Dr. Mitri on Impact of Trastuzumab Biosimilar FDA Approval

Zahi Mitri, MD
Published: Tuesday, May 29, 2018



Zahi Mitri, MD, MS, assistant professor of medicine, Oregon Health and Science University, discusses the impact of the FDA-approval of the trastuzumab (Herceptin) biosimilar MYL-1401O (Ogivri; trastuzumab-dkst).

In December 2017, the FDA approved the trastuzumab (Herceptin) biosimilar MYL-1401O (Ogivri; trastuzumab-dkst) for patients with HER2-positive breast cancer and HER2-positive metastatic gastric or gastroesophageal junction adenocarcinoma—the same indications as trastuzumab. MYL-1401O demonstrated an overall response rate (ORR) of 69.6% among women who received the biosimilar in combination with a taxane after 24 weeks, compared with a 64% ORR for patients who received trastuzumab plus a taxane. Mitri says that this approval shows that biosimilars can be developed and tested safely in patients with cancer.

Although a biosimilar will never be the same molecule as the originator drug, if the same efficacy is achieved it can be a positive contribution to the treatment landscape. Looking ahead, Mitri says that if the long-term outcomes between trastuzumab and MYL-1401O are similar, that may change the adoption of these drugs and the whole cost of care. This could be impactful because drugs like trastuzumab cost thousands of dollars, Mitri concludes.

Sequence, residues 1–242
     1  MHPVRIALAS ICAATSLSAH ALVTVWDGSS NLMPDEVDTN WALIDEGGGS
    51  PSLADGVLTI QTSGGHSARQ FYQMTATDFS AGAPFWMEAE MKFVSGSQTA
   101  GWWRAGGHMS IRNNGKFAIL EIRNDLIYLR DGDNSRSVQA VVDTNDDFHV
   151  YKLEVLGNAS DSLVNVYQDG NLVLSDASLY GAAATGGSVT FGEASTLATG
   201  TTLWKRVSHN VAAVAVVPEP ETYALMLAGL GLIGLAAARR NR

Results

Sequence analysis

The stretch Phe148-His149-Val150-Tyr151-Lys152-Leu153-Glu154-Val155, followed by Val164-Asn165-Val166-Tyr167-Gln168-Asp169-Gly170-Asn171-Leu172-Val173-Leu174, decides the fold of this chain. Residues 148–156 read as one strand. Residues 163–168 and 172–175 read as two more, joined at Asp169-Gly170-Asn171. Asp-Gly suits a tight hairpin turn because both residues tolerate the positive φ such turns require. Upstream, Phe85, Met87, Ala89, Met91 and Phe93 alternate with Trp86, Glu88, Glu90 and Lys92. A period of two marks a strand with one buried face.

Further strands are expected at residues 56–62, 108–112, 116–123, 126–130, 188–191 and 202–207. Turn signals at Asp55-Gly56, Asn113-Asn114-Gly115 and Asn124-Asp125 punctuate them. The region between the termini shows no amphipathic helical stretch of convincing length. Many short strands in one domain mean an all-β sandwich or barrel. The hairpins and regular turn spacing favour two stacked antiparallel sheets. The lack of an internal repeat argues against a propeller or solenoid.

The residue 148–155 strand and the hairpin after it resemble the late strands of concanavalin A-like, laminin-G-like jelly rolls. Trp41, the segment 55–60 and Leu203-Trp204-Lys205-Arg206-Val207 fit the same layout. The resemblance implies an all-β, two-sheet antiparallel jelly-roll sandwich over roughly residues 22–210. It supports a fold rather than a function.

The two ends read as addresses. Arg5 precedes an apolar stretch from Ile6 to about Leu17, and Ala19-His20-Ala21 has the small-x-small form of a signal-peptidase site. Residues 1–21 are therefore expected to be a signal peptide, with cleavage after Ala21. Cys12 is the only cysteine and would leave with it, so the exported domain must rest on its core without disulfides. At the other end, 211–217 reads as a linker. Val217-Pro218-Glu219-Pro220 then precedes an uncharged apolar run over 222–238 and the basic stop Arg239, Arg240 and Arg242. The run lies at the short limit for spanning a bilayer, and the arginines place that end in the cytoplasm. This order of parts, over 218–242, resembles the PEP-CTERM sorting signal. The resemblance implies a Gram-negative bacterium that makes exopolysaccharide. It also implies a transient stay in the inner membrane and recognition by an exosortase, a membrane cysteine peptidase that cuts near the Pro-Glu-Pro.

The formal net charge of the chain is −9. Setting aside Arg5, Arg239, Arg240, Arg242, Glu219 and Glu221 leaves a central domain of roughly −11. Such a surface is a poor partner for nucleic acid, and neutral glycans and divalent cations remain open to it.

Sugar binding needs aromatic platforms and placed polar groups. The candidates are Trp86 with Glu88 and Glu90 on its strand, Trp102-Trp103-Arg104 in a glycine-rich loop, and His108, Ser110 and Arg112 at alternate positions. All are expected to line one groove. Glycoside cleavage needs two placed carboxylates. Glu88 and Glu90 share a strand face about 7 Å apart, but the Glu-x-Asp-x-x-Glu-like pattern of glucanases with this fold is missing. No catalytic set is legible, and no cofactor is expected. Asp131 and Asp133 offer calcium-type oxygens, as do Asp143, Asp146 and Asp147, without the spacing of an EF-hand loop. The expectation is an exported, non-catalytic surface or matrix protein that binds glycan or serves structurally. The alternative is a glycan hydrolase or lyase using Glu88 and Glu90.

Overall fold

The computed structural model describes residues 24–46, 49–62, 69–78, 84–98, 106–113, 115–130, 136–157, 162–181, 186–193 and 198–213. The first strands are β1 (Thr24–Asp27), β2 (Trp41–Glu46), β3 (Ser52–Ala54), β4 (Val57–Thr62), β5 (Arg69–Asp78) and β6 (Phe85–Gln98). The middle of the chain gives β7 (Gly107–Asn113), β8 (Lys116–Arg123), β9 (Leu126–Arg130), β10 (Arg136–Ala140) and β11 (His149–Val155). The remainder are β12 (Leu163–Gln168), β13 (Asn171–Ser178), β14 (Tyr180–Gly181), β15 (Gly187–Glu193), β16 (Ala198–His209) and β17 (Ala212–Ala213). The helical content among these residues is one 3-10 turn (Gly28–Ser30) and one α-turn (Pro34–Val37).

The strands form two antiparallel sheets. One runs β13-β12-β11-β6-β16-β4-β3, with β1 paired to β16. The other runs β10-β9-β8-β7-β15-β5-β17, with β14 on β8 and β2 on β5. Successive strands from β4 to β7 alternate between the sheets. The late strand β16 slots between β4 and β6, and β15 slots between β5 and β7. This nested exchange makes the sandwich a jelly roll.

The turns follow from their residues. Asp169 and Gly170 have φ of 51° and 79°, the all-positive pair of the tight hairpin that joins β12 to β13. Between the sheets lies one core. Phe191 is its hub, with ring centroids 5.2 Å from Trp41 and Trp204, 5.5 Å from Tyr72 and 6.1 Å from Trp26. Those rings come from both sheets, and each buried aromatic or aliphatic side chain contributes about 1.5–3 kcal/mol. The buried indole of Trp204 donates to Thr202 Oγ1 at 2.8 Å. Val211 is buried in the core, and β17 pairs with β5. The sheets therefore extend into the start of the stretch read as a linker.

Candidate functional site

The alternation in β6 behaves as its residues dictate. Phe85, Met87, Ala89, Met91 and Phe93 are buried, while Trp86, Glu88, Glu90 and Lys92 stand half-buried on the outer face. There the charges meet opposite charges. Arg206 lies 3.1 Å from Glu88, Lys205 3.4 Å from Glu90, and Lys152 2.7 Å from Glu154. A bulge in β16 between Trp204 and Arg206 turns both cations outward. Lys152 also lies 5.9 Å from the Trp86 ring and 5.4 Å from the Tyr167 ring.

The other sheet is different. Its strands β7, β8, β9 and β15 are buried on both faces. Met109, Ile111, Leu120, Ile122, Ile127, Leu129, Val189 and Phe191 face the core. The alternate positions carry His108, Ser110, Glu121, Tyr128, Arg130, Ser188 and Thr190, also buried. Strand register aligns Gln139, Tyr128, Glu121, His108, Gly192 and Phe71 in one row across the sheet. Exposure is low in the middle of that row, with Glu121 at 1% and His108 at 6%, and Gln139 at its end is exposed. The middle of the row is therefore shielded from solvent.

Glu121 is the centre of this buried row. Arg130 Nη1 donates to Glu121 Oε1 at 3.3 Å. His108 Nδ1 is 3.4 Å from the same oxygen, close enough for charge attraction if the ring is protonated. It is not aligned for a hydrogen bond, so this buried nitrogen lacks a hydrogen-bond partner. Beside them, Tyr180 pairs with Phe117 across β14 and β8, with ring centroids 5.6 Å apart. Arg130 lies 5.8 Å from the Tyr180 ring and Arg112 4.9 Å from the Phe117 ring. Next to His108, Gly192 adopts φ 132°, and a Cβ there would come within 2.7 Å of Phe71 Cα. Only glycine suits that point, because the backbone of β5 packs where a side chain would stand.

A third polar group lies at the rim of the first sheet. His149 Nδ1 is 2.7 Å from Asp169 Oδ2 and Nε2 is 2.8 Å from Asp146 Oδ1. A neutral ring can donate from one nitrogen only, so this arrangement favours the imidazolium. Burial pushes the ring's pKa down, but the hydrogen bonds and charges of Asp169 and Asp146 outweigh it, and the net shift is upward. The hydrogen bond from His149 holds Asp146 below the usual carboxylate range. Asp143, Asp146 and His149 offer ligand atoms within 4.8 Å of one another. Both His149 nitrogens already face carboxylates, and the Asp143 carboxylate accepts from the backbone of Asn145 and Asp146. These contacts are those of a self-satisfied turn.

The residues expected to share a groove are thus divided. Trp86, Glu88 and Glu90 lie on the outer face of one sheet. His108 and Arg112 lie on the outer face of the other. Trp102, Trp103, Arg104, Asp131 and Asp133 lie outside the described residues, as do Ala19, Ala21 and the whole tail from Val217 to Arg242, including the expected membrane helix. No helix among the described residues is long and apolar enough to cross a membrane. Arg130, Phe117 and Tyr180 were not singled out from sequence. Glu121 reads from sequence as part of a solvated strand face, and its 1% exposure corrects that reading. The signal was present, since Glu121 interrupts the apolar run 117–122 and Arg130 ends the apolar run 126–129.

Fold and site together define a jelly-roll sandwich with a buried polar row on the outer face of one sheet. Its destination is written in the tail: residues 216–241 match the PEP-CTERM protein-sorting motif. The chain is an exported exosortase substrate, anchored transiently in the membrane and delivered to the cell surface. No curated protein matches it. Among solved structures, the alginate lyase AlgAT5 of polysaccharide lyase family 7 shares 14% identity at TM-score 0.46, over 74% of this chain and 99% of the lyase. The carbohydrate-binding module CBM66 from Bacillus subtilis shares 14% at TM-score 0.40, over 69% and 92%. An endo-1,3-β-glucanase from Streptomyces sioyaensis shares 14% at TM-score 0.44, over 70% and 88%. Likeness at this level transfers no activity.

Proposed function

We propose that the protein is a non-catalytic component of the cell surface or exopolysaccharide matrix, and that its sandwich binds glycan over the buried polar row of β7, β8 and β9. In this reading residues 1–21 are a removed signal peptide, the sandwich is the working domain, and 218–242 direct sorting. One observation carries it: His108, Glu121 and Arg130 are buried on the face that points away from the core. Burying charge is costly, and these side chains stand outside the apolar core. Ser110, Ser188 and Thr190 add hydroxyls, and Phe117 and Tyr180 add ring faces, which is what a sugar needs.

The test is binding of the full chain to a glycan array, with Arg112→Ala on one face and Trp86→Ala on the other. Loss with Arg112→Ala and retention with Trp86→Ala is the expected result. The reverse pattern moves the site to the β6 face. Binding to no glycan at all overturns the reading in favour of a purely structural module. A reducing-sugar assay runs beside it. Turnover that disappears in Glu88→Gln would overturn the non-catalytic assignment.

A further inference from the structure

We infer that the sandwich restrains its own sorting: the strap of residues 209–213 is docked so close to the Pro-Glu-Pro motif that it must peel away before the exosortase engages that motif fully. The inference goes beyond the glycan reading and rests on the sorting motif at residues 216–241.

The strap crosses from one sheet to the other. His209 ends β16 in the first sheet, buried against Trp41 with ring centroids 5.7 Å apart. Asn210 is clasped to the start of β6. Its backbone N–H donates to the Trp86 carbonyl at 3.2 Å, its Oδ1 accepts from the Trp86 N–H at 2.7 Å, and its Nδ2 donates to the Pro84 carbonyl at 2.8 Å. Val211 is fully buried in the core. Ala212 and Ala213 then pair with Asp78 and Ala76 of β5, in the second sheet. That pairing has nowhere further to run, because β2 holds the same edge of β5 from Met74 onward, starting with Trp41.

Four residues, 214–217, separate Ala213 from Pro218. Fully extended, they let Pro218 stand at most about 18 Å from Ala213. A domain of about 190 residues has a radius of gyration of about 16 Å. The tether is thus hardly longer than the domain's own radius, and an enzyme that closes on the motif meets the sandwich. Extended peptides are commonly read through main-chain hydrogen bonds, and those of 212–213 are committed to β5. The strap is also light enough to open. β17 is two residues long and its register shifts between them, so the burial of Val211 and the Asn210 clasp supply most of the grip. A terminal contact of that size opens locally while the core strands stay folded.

Zahi Mitri, MD, MS, assistant professor of medicine, Oregon Health and Science University, discusses the impact of the FDA-approval of the trastuzumab (Herceptin) biosimilar MYL-1401O (Ogivri; trastuzumab-dkst).

In December 2017, the FDA approved the trastuzumab (Herceptin) biosimilar MYL-1401O (Ogivri; trastuzumab-dkst) for patients with HER2-positive breast cancer and HER2-positive metastatic gastric or gastroesophageal junction adenocarcinoma—the same indications as trastuzumab. MYL-1401O demonstrated an overall response rate (ORR) of 69.6% among women who received the biosimilar in combination with a taxane after 24 weeks, compared with a 64% ORR for patients who received trastuzumab plus a taxane. Mitri says that this approval shows that biosimilars can be developed and tested safely in patients with cancer.

Although a biosimilar will never be the same molecule as the originator drug, if the same efficacy is achieved it can be a positive contribution to the treatment landscape. Looking ahead, Mitri says that if the long-term outcomes between trastuzumab and MYL-1401O are similar, that may change the adoption of these drugs and the whole cost of care. This could be impactful because drugs like trastuzumab cost thousands of dollars, Mitri concludes.  

View Conference Coverage
Online CME Activities
TitleExpiration DateCME Credits
Advent of Oncology Monoclonal Antibody Biosimilars ‒ A European Perspective OnlineNov 30, 20183.0
Community Practice Connections™: Evaluating the Emerging Role of Biosimilar Agents for the Treatment of Hematologic MalignanciesMar 08, 20193.0
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